evaluation, designed to develop or contribute to generalizable knowledge. This definition is
identical with the one used in the DHHS “Common Rule”, separate federal legislation
designed to protect human subjects involved in research. HIPAA describes privacy
standards for protecting PHI and so applies to research that involves humans’ health
PHI – Protected Health Information. Health information – any information recorded
about past, present, or future physical or mental health or condition of an individual, or the
past, present, or future payment for the provision of healthcare to an individual. Health
information may be oral, print or electronic.
Individually identifiable information:
o Name
o Postal address (geographic subdivisions smaller than state)
o All elements of dates, except year (birth date, if over 89, must be
o Phone number
o Fax number
o Email address
o Social security number
o Medical record number
o Health plan number
o Account numbers
o Certificate/license numbers
o IP addresses
o Vehicle identifiers
o Device ID
o Biometric ID
o Full face/identifying photo
o Any other unique identifying number, characteristic, or code
PHI does not include de-identified health information. De-identified information is
information that does not identify an individual and for which there is no reasonable basis to
believe that information could be used to identify an individual.
PHI does not include individually identifiable health information found in education records
covered by FERPA (“Family Educational Rights and Privacy Act”), records described at 20
U.S.C. 1232g(a)(4)(B)(iv) (higher education student medical records) and employment
records held by the University in its role as employer.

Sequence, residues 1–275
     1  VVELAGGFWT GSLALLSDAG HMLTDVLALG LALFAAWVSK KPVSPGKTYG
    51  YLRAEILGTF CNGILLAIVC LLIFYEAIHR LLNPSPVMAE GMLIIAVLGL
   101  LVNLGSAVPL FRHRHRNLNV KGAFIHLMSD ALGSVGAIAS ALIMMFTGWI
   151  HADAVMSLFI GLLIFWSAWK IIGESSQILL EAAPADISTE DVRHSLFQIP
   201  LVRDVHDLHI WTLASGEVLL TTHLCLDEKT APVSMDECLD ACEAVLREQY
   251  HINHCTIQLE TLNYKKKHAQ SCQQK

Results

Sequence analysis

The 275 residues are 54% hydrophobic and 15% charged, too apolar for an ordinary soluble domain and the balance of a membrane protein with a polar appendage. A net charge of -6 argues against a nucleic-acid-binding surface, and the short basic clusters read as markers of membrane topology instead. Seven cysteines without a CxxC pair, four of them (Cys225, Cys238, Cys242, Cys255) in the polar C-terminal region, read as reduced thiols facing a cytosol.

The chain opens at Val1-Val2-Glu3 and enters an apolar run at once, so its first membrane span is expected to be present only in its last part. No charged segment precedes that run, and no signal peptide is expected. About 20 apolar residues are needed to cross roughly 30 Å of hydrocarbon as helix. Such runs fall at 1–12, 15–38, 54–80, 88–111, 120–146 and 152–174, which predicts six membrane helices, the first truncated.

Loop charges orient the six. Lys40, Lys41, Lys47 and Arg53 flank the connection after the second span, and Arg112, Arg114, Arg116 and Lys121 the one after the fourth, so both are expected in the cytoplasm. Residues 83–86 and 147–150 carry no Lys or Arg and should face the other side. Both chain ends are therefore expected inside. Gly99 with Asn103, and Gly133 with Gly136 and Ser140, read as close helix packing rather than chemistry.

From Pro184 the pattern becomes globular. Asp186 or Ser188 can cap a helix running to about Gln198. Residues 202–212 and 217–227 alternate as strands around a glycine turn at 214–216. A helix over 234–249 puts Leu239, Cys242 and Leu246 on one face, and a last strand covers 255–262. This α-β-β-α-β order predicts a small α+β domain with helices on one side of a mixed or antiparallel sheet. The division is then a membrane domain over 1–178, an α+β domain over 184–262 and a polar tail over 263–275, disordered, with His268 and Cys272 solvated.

Unlike the “Common Rule” regulations, HIPAA regulations also cover research involving
deceased individuals. Decedent research involving PHI must be cleared through UCD’s
Privacy Officer prior to implementation. The researcher must certify that the access/use of
PHI is solely for research involving deceased individuals, all individuals are deceased, and
the PHI is necessary for the conduct of the research through a Deceased Research
Certification Form.
23.7 HIPAA and Existing Studies
Human subject research protocols that were approved after April 14, 2003, must have
HIPAA authorizations, a HIPAA waiver, or Data Use Agreement in place. Individuals
consented or re-consented into a human subject research protocol after April 14, 2003 must
sign an authorization.
Any research subject enrolled in a human subject research protocol that uses PHI from a
covered entity must sign a HIPAA-compliant authorization form, unless a waiver has been
obtained. This form is in addition to the existing Informed Consent document and is federally
required. In some cases, the Informed Consent document may be combined with the HIPAA
23.8 HIPAA Documentation
HIPAA documents include HIPAA Authorization Forms, a HIPAA Waiver Form, PreResearch Certification, Data Use Agreement, and Notice of Privacy Practices.
23.9 HIPAA Language / Authorization Forms
Note: for VA regulated research only, the HIPAA authorization form must be separate from
the informed consent document.